Even if we argue that this is being done to eliminate Al-Qaeda and extremist elements from the tribal region, nothing justified carrying out 200-plus drone attacks since they started in 2004, killing well over 2,000 innocent civilians as only 30 suspected terrorists were hit. The ratio of striking against the Al-Qaeda operatives achieved by these drone attacks, according to military estimates is as low as 2.5 per cent, which is not enviable by any standards.

Unanimous resolutions the Senate and the National Assembly passed in November 2008 in a session open to public and similar four others adopted by the provincial legislatures fell on deaf ears of the ruling elite, let alone impacting the masters of our destiny sitting in Pentagon and CIA who can be held accountable for this agonizing human tragedy. Violations of Pakistan’s territorial integrity and disregard for its national sovereignty as an independent state are continuing unabated and there appears to be no move by the Pakistani government to seek an end to it. Each time drones come and fire missiles inside Pakistan, the Foreign Office issues a mildly-worded condemnation. Sometimes even a condemnation is not considered necessary. Often the Pakistani Foreign Minister Shah Mehmood Qureshi reacts only to justify American attacks.

The Washington Post has come out with a hilarious report that says that the American military leadership is seeking expansion in areas where drones could launch attacks, impliedly meaning to stretch the operations to Balochistan and Southern Punjab. It will be a big folly on part of the United States to go for such an adventure as it might lead to popular uprising against the sitting rulers.
It is worth mentioning here that a former Chief of Air Staff had said categorically that the PAF has the ability to shoot down drone aircraft provided the government has the political will to do so. Similarly, sometime back former Chief of the Army Staff, Gen. (retd.) Mirza Aslam Baig had also said that American drones should be targeted when they violate Pakistani airspace.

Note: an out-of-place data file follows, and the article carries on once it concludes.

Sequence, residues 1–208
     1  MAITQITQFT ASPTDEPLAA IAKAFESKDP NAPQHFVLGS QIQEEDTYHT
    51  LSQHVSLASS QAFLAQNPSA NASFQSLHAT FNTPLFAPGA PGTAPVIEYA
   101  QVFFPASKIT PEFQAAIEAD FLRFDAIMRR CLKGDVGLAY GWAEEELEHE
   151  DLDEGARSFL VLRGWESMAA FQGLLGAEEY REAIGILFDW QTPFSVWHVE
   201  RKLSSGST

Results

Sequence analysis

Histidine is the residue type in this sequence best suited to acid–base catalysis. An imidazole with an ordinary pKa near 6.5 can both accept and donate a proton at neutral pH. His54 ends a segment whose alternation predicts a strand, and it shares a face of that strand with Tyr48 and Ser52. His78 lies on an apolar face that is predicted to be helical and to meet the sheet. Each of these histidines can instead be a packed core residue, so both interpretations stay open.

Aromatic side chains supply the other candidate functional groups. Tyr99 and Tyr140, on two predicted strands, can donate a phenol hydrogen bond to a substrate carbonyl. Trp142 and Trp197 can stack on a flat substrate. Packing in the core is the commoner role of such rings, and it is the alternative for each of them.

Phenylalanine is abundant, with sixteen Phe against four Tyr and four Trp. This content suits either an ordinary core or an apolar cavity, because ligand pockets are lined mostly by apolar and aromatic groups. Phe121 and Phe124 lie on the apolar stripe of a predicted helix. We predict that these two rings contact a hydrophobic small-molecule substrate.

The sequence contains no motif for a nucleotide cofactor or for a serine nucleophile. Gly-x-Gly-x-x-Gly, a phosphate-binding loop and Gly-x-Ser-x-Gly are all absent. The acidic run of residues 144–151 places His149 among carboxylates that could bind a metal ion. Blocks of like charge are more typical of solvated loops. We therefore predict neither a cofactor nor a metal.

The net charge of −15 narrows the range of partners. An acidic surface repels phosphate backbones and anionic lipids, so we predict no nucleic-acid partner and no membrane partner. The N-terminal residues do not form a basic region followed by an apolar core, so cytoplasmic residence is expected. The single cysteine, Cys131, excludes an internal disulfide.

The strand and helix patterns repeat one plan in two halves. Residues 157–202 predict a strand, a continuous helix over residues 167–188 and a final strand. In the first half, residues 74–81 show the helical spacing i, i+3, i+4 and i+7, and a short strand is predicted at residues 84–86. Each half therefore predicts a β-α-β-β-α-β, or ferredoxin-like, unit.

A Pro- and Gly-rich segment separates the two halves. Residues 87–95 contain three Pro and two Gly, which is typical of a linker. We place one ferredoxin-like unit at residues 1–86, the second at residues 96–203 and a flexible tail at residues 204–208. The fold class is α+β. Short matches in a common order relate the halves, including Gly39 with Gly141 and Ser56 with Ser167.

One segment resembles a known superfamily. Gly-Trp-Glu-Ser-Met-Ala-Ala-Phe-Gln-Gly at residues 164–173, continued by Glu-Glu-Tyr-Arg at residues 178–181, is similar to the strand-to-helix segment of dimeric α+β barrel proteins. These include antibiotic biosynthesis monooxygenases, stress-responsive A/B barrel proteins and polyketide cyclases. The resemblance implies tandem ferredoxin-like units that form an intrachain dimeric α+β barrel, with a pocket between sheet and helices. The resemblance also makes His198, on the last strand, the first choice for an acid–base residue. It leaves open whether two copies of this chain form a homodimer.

Former foreign minister Khurshid Mahmood Kasuri, in an interview, explained that the agreement between the Musharraf regime and Washington was limited to allowing CIA drones to gather intelligence and share it with Pakistan so that Pak Army could carry out operations to eliminate terrorists. Under no circumstances, Kasuri insists, were the Americans given permission to carry out attacks within Pakistani borders.

It is about time that the Troika – comprising the president, the prime minister and the COAS – put their heads together and worked out a policy about US military attacks inside Pakistan. Pakistan has already paid a heavy price in term of lives of military personnel and civilian population besides ruining its economy. The attacks have created a situation that no investor is willing to invest in Pakistan. We are suffering due to suicide bombings, explosions and target killings in every nook and corner of the country.
The assertion made by President Obama during his recent address to the Indian Parliament that a stable Pakistan is in the interest of Washington and New Delhi is nothing but farce-eyewash. Obama says India is interested in peace in Pakistan when he hardly needs any more evidence that India is sponsoring terrorism in Balochistan and trying to take control of areas in Afghanistan along the Pakistan border. The US role is duplicitous as well. The United States has deployed a large number of Blackwater and other security personnel to keep the province bleeding.

Our leadership has to come out with a workable solution to drone attacks failing which it should get ready to face people’s anger. It must take into consideration that the Americans would not hesitate to leave us alone the moment their objectives are achieved. In our case the list of US betrayal is very long. Compelling ground realities call for a decision in the best national interest. Will our sitting leadership take that decision without wasting any further time is a million-dollar question.

Mr. Bokhari is the editor of The Nation. This is an edited version of a report first published by The Nation. Reach Mr. Bokhari at

Posted in Uncategorized | Tagged: , , , , , , | Leave a Comment »

How To Milk America: India’s Experience

Posted by yourpakistan on November 25, 2010